-- | Working with List
-- Examples to illustrate pattern matching, recursion and testing for lists
-- Functional Programming course 2018.
-- Thomas Hallgren
{-
This started as a skeleton, the definitions were filled in
during the lecture.
-}
import Prelude hiding ((++),null,reverse,take,drop,splitAt,zip,unzip)
import qualified Prelude
import Test.QuickCheck
null :: [a] -> Bool
null [] = True
null _ = False
(++) :: [a] -> [a] -> [a]
[] ++ ys = ys
(x:xs) ++ ys = x : (xs ++ ys)
cons x xs = x:xs
snoc :: [a] -> a -> [a]
snoc xs x = xs++[x]
reverse :: [a] -> [a]
reverse [] = []
reverse (x:xs) = reverse xs ++ [x]
-- Inefficient! We will return to this in a later lecture.
-- complexity? how to make it more efficient?
-- | Take the first n elements of a list
take :: Int -> [a] -> [a]
take n xs | n<=0 = []
take n [] = []
take n (x:xs) = x:take (n-1) xs
prop_take n xs = n>=0 ==> length (take n xs) == min n (length xs)
-- | Discard the first n elements of a list
drop :: Int -> [a] -> [a]
drop n xs | n<=0 = xs
drop n [] = []
drop n (_:xs) = drop (n-1) xs
prop_take_drop :: Int -> [Bool] -> Property
prop_take_drop n xs = classify (n<=0 || n>length xs) "extreme"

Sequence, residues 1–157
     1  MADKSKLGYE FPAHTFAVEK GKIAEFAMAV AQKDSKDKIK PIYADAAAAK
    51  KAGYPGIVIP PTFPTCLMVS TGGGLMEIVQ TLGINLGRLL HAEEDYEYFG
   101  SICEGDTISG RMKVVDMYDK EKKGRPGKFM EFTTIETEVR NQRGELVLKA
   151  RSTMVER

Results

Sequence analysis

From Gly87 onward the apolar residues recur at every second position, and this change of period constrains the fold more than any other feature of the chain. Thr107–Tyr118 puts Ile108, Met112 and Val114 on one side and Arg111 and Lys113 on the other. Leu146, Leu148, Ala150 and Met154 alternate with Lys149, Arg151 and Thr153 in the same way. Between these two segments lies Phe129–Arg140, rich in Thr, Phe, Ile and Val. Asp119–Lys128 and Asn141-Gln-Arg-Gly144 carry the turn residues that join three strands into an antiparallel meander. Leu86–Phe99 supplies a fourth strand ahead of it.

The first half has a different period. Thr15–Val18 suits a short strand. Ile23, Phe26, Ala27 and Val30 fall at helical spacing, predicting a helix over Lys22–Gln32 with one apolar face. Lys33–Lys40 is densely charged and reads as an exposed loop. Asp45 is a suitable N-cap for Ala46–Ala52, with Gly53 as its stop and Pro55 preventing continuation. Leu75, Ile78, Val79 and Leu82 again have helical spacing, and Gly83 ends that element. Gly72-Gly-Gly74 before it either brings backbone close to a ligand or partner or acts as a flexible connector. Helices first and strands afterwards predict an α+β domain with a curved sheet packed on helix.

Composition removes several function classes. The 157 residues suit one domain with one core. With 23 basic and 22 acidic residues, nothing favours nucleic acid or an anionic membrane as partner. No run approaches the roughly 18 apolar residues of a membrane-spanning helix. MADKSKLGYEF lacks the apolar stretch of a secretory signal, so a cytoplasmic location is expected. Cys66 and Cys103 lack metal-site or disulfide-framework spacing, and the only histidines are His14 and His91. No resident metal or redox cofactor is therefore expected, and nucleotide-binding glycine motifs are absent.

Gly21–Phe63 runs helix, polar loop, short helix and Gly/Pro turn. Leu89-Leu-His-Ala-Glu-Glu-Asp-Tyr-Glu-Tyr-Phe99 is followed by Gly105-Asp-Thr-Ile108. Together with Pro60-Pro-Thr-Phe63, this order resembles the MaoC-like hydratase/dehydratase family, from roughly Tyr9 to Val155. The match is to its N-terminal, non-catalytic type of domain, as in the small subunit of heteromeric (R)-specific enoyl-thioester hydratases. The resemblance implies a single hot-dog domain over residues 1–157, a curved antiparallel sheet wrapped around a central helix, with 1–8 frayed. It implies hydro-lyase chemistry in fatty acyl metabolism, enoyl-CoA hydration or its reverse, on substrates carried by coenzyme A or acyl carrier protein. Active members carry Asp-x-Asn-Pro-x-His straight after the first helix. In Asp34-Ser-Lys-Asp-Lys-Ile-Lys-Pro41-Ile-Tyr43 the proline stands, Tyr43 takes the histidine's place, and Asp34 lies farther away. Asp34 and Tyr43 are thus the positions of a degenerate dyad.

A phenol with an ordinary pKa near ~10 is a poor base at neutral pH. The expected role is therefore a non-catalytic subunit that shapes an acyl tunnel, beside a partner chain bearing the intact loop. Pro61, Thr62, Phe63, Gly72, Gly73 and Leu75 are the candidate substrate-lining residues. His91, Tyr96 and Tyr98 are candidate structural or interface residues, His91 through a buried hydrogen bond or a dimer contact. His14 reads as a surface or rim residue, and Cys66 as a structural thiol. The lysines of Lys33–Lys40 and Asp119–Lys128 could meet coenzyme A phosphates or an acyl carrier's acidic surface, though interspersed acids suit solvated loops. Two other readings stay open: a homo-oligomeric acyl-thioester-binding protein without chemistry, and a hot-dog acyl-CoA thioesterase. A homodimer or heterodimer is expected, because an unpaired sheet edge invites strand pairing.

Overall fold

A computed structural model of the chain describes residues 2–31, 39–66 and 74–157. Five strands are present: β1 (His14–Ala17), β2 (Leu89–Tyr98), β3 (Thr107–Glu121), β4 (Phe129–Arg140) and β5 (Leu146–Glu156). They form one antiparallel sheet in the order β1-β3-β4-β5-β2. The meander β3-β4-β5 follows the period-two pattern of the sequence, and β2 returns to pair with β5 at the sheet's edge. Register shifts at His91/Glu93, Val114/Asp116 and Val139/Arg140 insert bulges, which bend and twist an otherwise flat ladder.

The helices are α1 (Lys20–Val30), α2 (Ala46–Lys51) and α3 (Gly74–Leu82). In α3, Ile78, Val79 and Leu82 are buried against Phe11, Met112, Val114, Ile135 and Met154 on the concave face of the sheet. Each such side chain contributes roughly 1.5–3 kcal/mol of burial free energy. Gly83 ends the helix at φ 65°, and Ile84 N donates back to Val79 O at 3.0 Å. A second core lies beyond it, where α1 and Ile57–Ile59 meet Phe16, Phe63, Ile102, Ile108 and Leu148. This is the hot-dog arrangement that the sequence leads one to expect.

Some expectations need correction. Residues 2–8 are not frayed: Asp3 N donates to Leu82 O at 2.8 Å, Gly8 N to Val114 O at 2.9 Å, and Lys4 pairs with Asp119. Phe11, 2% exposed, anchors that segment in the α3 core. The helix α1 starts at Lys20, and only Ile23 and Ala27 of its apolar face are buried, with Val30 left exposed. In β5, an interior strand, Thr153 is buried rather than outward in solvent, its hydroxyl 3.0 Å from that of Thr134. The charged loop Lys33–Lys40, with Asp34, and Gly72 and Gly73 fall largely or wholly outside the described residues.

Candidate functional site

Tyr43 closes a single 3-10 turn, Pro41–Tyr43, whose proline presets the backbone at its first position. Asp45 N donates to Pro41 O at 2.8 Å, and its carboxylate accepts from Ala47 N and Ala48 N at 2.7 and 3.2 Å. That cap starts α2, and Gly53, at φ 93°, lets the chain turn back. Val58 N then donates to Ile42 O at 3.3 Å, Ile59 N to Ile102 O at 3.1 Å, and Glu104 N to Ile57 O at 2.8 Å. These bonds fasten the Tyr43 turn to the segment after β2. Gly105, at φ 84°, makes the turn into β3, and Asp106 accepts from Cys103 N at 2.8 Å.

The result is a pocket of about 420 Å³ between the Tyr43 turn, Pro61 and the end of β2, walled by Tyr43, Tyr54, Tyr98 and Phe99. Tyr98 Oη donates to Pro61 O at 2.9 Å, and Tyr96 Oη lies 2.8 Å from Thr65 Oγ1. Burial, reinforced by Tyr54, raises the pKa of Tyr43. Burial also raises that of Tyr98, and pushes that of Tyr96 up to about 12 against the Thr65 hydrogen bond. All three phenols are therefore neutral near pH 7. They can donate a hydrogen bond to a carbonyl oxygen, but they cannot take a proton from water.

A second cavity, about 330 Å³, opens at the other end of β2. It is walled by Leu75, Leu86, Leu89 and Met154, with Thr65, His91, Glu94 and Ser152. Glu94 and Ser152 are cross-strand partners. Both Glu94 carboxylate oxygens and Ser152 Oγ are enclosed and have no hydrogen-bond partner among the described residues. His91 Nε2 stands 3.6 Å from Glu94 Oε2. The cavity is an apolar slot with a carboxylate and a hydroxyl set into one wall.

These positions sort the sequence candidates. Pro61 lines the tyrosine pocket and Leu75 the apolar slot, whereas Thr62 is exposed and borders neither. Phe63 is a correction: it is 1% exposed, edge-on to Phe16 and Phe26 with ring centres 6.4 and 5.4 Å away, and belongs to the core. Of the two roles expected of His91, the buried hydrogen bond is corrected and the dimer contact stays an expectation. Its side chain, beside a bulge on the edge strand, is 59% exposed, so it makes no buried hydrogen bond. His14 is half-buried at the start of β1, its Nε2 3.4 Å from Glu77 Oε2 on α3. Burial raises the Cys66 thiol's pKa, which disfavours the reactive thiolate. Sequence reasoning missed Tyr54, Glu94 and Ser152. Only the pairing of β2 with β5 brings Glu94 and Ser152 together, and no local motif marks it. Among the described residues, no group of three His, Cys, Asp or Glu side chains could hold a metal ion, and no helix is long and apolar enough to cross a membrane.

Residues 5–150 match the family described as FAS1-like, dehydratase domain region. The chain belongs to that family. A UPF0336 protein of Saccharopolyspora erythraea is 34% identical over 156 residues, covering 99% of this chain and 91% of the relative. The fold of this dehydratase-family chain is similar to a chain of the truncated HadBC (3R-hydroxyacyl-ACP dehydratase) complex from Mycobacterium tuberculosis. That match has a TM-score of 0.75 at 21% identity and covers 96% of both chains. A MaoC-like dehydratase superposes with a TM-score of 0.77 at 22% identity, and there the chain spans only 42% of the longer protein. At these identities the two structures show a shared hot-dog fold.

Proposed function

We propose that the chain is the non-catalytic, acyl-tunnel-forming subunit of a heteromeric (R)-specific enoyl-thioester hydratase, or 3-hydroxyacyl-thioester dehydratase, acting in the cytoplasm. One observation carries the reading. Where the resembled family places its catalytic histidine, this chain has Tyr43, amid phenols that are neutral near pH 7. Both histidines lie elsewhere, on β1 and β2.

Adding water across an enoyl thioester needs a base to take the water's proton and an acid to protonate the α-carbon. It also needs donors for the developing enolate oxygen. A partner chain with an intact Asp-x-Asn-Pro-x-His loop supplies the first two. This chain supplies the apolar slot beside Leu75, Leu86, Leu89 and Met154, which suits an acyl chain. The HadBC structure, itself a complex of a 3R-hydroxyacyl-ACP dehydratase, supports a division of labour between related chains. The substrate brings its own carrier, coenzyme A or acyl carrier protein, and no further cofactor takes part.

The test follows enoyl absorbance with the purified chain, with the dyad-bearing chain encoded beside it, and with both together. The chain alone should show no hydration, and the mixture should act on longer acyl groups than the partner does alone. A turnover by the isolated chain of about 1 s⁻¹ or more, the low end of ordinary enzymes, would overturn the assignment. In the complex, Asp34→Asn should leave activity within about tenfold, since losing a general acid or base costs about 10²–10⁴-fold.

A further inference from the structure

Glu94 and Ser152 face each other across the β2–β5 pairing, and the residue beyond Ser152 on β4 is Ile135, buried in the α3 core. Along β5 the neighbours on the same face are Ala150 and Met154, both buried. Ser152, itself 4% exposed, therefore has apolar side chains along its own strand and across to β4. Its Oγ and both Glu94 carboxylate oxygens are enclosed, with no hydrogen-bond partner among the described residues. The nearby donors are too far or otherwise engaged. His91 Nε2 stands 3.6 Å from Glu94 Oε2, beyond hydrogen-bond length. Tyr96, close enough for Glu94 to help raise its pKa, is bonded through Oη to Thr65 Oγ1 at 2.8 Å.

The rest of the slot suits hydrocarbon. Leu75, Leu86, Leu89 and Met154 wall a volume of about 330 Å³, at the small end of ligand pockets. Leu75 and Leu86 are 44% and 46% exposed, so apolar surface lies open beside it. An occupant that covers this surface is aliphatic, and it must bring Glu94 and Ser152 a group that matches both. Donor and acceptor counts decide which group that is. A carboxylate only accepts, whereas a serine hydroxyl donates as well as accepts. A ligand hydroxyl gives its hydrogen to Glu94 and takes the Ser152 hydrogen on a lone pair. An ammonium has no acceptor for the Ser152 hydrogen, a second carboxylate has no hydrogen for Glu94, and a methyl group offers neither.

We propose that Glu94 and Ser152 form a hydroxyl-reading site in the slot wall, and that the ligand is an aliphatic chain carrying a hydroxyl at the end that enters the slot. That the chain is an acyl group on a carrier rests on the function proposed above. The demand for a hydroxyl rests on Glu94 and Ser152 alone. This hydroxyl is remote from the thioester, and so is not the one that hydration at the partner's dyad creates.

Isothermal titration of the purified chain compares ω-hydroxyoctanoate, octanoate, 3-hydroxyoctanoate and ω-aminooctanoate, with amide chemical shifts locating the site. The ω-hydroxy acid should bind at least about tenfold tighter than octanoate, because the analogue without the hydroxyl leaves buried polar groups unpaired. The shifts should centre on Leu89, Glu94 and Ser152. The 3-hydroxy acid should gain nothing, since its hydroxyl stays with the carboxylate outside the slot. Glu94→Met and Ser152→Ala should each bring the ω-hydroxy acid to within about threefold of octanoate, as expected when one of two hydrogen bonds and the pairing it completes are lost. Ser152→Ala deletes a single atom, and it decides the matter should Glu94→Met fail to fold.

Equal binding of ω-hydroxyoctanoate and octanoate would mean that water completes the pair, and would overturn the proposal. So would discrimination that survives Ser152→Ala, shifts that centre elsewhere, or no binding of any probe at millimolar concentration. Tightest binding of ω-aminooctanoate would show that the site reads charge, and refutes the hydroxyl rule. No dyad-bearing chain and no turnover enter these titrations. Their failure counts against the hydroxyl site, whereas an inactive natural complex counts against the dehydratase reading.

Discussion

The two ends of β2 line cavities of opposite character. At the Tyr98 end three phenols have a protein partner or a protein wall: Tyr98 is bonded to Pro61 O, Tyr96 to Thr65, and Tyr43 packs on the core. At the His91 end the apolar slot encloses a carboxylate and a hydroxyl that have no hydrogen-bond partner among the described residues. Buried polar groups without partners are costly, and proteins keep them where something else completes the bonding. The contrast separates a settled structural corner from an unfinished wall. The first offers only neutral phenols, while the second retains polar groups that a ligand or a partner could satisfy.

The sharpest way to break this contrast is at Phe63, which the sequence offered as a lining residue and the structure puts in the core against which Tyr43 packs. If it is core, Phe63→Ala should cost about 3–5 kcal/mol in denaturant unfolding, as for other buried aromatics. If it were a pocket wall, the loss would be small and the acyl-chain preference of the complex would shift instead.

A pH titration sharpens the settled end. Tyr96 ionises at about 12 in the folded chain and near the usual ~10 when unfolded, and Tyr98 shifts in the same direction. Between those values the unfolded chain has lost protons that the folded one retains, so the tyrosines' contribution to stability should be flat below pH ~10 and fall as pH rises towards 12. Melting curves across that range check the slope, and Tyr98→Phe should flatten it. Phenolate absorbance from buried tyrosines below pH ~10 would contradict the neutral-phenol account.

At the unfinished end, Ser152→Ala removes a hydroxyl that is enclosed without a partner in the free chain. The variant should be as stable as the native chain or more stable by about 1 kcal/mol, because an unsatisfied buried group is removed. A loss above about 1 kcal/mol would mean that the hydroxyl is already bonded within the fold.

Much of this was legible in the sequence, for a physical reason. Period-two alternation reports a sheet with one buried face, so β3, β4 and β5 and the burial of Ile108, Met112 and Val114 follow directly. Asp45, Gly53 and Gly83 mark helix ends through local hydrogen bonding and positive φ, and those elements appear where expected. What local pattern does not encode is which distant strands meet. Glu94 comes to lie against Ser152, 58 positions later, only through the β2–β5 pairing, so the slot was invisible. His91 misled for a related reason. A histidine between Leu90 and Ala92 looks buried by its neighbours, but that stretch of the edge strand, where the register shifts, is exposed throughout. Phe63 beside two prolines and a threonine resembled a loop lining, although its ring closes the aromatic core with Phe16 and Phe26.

(take n xs ++ drop n xs == xs)
nonprop_take_drop :: Int -> [Bool] -> Bool
nonprop_take_drop n xs = drop n xs ++ take n xs == xs
-- | splitAt n xs = (take n xs,drop n xs)
--splitAt :: Int -> [a] -> ([a],[a])
-- | Combine a pair of list into a list of pairs
zip :: [a] -> [b] -> [(a,b)]
--zip [] [] = []
--zip (x:xs) [] = []
--zip [] (y:ys) = []
--zip (x:xs) (y:ys) = (x,y):zip xs ys
zip (x:xs) (y:ys) = (x,y):zip xs ys
zip _ _ = []
-- | Split a list of pairs into a pair of lists
unzip :: [(a,b)] -> ([a],[b])
--unzip xys = ([x|(x,y)<-xys], [y|(x,y)<-xys])
unzip [] = ([],[])
unzip ((x,y):xys) = (x:xs,y:ys)
where (xs,ys) = unzip xys
prop_zip_unzip :: [(Bool,Int)] -> Bool
prop_zip_unzip xys = zip xs ys == xys
where (xs,ys) = unzip xys
prop_unzip_zip :: [Bool] -> [Int] -> Bool
prop_unzip_zip xs ys = unzip (zip xs ys) == (take n xs,take n ys)
where n = min (length xs) (length ys)
-- | "Quicksort"
qsort :: Ord a => [a] -> [a]
qsort [] = []
qsort (x:xs) = qsort smaller ++ [x] ++ qsort bigger
where
smaller = [x'|x'<-xs,x'<=x]
bigger = [x'|x'<-xs,x'>x]
-- | insert a new element at the right position in a sorted list
insert :: Ord a => a -> [a] -> [a]
insert x [] = [x]
insert x (x':xs) | x<=x' = x:x':xs
| otherwise = x':insert x xs
isSorted [] = True
isSorted [x] = True
isSorted (x1:x2:xs) = x1<=x2 && isSorted (x2:xs)
prop_insert :: Int -> [Int] -> Property
prop_insert x xs = isSorted xs ==> isSorted (insert x xs)
-- QuickCheck said "Gave up! Passed only 73 tests.". We will return to this.
-- in a later lecture.
-- | Insertion sort (sort a list by using insert)
isort :: Ord a => [a] -> [a]
isort [] = []
isort (x:xs) = insert x (isort xs)
prop_qsort :: [Int] -> Bool
prop_qsort xs = qsort xs == isort xs